The U.S. military claimed that the Iranian Revolutionary Guard Crops (IRGC) had shot down its unmanned aerial vehicle (UAV) in the international airspace.
“U.S. Central Command can confirm that a U.S. Navy Broad Area Maritime Surveillance (or BAMS-D) ISR aircraft was shot down by an Iranian surface-to-air missile system while operating in international airspace over the Strait of Hormuz at approximately 11:35 p.m. GMT on June 19, 2019.” U.S. Navy Capt. Bill Urban, a spokesman for the Central Command (CENTCOM), said in a statement released on June 20.
The CENTCOM called the Iranian action “an unprovoked attack on a U.S. surveillance asset,” denying that the UAV had violated Iran’s airspace.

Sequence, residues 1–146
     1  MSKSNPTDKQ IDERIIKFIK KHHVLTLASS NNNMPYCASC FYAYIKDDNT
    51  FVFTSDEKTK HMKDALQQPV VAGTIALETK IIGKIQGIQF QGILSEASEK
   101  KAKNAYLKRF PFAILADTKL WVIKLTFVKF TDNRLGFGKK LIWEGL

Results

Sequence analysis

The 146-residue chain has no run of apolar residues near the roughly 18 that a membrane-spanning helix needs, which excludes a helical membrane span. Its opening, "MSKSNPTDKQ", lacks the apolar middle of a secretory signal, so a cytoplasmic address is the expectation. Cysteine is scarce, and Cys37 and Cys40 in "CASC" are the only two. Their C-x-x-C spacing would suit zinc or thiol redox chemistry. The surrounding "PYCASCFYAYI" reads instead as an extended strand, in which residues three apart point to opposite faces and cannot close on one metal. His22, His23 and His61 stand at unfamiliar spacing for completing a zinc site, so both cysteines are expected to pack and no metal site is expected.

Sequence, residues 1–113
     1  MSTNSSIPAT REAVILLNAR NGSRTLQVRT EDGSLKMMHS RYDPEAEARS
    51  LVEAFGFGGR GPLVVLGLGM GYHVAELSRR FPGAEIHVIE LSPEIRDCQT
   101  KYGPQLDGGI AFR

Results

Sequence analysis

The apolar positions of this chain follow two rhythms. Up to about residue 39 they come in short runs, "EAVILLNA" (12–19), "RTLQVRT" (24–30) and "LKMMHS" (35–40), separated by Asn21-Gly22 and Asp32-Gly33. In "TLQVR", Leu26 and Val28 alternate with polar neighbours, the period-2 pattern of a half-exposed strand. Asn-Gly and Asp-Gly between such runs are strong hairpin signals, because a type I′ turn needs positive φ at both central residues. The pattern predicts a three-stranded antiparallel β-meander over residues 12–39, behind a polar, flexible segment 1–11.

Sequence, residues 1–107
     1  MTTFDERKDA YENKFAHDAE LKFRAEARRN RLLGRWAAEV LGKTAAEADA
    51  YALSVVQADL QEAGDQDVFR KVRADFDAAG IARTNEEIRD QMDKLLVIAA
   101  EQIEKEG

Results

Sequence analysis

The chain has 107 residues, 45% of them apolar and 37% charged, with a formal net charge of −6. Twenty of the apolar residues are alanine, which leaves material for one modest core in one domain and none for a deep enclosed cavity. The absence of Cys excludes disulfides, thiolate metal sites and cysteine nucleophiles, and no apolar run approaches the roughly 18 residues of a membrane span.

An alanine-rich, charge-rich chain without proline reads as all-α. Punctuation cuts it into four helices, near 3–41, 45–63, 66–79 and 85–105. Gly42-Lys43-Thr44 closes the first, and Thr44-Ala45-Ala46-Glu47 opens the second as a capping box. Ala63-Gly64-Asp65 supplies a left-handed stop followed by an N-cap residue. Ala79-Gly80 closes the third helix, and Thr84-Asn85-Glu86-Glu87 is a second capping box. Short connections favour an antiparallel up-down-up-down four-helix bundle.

The U.S. military identified the UAV in its statement as a BAMS-D, a variant of the RQ-4A Global Hawk High-Altitude, Long, Endurance (HALE) UAV. Earlier, U.S. officials told news agencies that the UAV as a MQ-4C Triton, a specialized version of the global Hawk developed for the U.S. Navy.
The RQ-4N BAMS-D was the experimental precursor to the MQ-4C, developed under the same Broad Area Maritime Surveillance program, which explains the confusion.
BAMS UAVs were designed to provide the U.S. Navy with real-time intelligence, surveillance and reconnaissance (ISR) capabilities over vast ocean and coastal regions.
The CENTCOM’s statement indicates that the U.S. is not willing to take the incident lightly. It’s unclear if Washington is planning to respond. Any such military action could lead to a serious conformation in the Persian Gulf.